Selma Dritz

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By | From the Collections

Those interested in the twists and turns in the story of AIDS will have noted the death last month of a central figure – the infectious disease epidemiologist Selma Dritz. She will be remembered not just for her professional expertise but for her compassion for those afflicted.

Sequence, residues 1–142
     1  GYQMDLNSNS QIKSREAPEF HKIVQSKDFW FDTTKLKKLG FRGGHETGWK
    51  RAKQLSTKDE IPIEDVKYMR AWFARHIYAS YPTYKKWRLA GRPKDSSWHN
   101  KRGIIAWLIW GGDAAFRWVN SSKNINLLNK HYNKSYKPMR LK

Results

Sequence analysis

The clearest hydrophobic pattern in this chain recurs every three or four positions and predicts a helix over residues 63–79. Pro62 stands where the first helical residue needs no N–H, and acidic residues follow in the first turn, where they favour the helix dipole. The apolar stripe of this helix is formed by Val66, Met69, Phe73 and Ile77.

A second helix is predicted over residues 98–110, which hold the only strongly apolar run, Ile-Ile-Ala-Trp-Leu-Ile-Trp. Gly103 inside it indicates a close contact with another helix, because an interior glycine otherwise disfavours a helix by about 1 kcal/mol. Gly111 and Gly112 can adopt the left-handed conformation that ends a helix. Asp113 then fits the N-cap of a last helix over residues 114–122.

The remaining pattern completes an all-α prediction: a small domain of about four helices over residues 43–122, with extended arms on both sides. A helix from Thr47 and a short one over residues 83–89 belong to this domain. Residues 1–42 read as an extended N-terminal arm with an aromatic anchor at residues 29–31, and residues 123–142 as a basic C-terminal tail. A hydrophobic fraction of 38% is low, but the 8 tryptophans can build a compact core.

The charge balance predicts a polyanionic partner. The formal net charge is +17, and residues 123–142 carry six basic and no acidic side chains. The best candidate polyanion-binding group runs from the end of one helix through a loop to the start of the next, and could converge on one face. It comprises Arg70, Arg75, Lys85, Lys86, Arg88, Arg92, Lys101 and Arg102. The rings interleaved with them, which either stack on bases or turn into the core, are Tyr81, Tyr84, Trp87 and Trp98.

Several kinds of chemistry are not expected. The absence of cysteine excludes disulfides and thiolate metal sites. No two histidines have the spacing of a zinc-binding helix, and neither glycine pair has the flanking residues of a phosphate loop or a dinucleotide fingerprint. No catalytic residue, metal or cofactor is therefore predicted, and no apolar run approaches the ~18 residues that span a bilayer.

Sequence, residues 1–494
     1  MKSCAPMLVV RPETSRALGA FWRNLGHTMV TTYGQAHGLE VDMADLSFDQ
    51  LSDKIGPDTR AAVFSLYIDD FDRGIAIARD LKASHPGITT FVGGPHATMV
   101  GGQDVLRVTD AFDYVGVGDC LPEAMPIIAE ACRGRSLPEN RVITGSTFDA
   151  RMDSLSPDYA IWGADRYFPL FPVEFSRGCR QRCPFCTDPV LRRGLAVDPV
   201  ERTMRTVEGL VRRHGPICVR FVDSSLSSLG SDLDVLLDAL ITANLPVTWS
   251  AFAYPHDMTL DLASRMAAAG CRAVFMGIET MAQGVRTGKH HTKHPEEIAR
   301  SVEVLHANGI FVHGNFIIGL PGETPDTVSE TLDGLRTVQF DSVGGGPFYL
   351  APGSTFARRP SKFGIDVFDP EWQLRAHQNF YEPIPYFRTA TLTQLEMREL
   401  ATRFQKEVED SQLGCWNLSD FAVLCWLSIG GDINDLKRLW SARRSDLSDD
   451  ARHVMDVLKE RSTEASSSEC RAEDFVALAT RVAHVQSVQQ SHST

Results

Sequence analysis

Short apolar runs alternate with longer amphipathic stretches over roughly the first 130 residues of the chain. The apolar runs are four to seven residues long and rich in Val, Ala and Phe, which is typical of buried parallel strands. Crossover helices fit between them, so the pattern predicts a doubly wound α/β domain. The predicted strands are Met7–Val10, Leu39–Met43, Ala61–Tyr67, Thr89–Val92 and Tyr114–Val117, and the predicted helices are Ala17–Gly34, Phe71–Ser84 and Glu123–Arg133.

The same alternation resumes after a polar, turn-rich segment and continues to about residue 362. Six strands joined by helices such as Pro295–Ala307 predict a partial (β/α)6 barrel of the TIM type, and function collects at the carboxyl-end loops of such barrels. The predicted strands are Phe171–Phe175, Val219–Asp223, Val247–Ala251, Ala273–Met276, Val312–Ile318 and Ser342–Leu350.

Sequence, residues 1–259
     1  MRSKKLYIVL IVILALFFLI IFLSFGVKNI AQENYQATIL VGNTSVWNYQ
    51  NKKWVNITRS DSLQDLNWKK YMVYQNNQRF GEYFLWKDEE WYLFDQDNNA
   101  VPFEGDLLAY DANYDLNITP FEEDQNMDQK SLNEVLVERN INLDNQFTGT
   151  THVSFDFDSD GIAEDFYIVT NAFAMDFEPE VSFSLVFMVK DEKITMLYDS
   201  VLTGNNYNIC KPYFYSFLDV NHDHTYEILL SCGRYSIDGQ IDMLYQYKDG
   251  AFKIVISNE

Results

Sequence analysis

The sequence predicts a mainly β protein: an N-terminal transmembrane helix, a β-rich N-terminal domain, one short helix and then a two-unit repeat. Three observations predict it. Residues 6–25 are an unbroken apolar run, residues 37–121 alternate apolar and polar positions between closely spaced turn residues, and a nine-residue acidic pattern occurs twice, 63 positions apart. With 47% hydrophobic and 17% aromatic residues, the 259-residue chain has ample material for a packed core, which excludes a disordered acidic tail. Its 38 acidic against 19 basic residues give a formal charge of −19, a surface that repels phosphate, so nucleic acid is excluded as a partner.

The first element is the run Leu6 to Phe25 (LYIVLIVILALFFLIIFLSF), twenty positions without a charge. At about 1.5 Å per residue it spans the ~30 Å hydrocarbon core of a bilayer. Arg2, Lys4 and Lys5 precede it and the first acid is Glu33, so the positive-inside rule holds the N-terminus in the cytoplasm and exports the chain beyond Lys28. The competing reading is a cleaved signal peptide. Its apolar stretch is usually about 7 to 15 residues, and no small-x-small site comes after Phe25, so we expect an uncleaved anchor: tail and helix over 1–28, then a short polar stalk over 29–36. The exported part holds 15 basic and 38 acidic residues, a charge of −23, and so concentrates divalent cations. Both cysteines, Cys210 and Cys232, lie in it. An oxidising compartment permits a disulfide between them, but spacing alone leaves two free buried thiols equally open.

And interestingly for historians she used the techniques first devised by John Snow in the 1854 Broad Street cholera outbreak to map how this new infection was being spread in the early 1980’s. Dritz was instrumental in the public health campaign aimed at closing the San Francisco bathhouses and this is pertinent as we are currently digitising many of those early US campaign posters as part of our programme to digitize our collection of 3,000 AIDS posters.

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